Read-across is an example of a flexible in silico toxicology methodology whereby a toxicity prediction for a chemical (often referred to as the target compound) is made using experimental data on one or more similar analogs (often referred to as source compound(s)). This is a lengthy process highly reliant on an expert review of the information to identify and justify the analogs selected and the prediction made.
Read-across is used in many current and emerging applications, including supporting the assessment of repeated dose toxicity of chemicals or N-nitrosamines carcinogenicity potency categories.
At the heart of any read-across is the need to identify suitable analogs. This is where comprehensive high-quality structure-searchable databases are critical, containing both public and proprietary experimental data. Global similarity is often used to search such databases by identifying and prioritizing chemical analogs based on their whole molecule similarity. However, in many instances it is important to retrieve analogs that have a local similarity around the structural class that is most likely associated with the toxicological endpoint being assessed. This may also consider the structural environment responsible for any activation or deactivation of the specific toxicity of interest. The use of structural alerts or QSAR models may support this assessment and justification, when run against both the target and source compounds(s). Actually, mechanistic similarity can be in general explored by running alert profilers, such as reaction domain or bioactivation profilers, across both the target and source chemicals to identify similarities and differences. In this way, reactivity of the source and target chemicals is compared in terms of structural alerts or reactive features. Indeed, justifying the selected analogs based on common biological properties or mechanisms, and toxicity profiles is key in a read-across framework. Further analysis of the physico-chemical properties is also prudent.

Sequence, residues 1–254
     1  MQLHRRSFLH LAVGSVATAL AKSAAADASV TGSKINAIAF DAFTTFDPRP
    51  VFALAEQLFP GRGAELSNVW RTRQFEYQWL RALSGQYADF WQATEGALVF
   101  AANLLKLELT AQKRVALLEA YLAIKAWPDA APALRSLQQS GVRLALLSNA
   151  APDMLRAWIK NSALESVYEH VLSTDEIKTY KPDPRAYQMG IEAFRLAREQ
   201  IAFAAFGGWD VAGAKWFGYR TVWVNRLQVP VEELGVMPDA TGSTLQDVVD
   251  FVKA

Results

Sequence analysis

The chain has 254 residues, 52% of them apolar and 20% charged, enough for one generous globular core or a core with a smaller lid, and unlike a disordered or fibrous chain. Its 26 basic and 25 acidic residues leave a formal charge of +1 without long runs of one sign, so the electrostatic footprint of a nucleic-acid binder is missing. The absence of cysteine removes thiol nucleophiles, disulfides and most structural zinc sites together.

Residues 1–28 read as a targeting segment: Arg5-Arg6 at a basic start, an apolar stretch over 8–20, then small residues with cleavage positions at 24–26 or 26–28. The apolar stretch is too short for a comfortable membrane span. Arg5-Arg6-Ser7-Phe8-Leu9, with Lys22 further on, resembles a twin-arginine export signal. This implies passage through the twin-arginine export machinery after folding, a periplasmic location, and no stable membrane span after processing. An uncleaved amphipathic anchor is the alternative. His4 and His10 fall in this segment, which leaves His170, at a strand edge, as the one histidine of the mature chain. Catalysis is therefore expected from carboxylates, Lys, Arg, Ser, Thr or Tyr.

The read-across process can be assisted and simplified by the availability of both high-quality structure-searchable databases coupled with user-friendly read-across tools that are aligned with regulatory expectations, including appropriate documentation of the results. We are actively developing such methodologies and technologies to support further acceptance of read-across. If you are interested in collaborating in this area, please get in touch (Glenn Myatt; email@example.com).